Kelce will still be productive, as I can make the case that he is the best tight end in the NFL once he catches the ball. His leaping ability and change of direction is rare for a player his size. Kelce led all tight ends in yards after catch in 2017 with 441.

4. Evan Engram – New York Giants

Evan Engram is going to explode this season. Rookie seasons are not historically kind to tight ends. Engram was the exception to that rule. He turned his 64 catches into more than 700 yards and six touchdowns.

What is unclear is how he will be deployed under Pat Shurmur. In Minnesota, Kyle Rudolph was not an incredibly productive tight end. However, Engram is not the same type of tight end. He is not the run blocker Rudolph is, and Rudolph is not the receiver Engram is.

With players like Odell Beckham Jr. and Saquon Barkley on the roster, Engram will almost never be the primary or secondary focus on a defense’s gameplan.

5. Greg Olsen – Carolina Panthers

Despite coming off an injury, Greg Olsen has proven to be a favorite target of Cam Newton. He has been productive every year since being in Carolina, and Norv Turner will likely add to his production.

When he has had talent at the tight end position, like Antonio Gates and Kyle Rudolph, he uses them. I do not think Olsen will be explosive, but that was never what made him successful. His large frame and route running will still make him a problem for safeties and linebackers.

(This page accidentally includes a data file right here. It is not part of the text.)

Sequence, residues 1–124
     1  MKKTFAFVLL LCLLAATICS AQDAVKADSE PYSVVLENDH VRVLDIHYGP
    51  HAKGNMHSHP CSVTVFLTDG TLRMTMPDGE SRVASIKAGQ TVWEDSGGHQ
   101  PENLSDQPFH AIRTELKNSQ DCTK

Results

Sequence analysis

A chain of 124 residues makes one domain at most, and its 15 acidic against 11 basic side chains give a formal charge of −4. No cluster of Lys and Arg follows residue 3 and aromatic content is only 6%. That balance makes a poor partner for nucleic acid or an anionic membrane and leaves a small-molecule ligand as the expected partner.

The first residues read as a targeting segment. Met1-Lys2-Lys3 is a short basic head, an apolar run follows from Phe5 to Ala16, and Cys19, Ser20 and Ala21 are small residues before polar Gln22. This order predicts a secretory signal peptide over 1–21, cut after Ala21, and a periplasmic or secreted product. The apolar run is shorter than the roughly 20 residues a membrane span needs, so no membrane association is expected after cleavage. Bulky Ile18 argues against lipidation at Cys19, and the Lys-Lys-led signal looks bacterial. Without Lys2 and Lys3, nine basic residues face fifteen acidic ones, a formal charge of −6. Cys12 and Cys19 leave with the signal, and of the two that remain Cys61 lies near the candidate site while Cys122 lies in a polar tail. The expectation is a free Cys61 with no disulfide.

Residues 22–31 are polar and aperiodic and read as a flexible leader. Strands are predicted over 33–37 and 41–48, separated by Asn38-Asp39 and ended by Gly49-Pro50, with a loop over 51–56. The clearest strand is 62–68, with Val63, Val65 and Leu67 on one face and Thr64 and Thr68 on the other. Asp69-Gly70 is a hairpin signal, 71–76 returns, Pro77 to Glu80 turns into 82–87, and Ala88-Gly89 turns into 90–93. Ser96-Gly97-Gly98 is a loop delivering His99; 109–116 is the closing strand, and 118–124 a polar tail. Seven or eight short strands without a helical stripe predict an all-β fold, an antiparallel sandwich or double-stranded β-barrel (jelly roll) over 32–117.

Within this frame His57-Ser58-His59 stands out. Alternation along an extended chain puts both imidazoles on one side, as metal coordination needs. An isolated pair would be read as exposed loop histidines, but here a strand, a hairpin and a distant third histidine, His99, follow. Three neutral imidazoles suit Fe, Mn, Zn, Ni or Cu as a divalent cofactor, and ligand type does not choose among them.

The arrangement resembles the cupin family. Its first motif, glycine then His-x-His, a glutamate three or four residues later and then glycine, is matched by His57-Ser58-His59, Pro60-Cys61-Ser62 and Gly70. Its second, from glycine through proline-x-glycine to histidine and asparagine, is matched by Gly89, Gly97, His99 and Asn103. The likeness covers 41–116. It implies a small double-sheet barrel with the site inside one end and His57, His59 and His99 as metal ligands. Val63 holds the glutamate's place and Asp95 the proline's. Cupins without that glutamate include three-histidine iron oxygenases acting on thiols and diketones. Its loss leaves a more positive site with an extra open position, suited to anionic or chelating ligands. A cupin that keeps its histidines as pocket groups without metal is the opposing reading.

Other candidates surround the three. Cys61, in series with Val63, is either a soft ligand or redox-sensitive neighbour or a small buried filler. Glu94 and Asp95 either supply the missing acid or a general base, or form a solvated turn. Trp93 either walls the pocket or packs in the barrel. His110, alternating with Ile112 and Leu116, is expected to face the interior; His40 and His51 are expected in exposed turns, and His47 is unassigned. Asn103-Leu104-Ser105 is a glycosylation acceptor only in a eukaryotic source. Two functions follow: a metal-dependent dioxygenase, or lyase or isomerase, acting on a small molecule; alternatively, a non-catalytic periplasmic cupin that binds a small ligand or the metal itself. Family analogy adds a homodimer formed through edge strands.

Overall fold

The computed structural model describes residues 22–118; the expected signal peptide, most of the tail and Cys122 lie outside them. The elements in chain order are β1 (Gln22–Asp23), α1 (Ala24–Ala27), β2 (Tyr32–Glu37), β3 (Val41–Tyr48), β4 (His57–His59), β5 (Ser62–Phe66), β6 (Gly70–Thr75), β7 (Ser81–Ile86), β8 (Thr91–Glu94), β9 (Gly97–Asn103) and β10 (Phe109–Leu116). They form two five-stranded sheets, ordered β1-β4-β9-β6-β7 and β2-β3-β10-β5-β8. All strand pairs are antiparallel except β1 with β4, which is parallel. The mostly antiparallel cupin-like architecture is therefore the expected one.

6. Hunter Henry – Los Angeles Chargers

I was a year early to the “Hunter Henry is a top fantasy tight end” discussion. I am not proud of it, but we all make mistakes.

Everything sets up for Henry to have his best season as a pro. He finally assumes the starting tight end role and will benefit from all the formational matchups that Antonio Gates saw throughout his career. Even though Henry only saw 56 percent of the team’s offensive snaps, he was still targeted 23 times in the red zone, including 11 targets inside 10 yards. His production is going to skyrocket when he sees more than 65 percent of the offensive snaps in 2018.

7. Delanie Walker – Tennessee Titans

Delanie Walker was a favorite of mine in daily fantasy last season. While he struggled to find the endzone consistently, he was tied for third among tight ends in catches with 74, and fourth in yards with 807.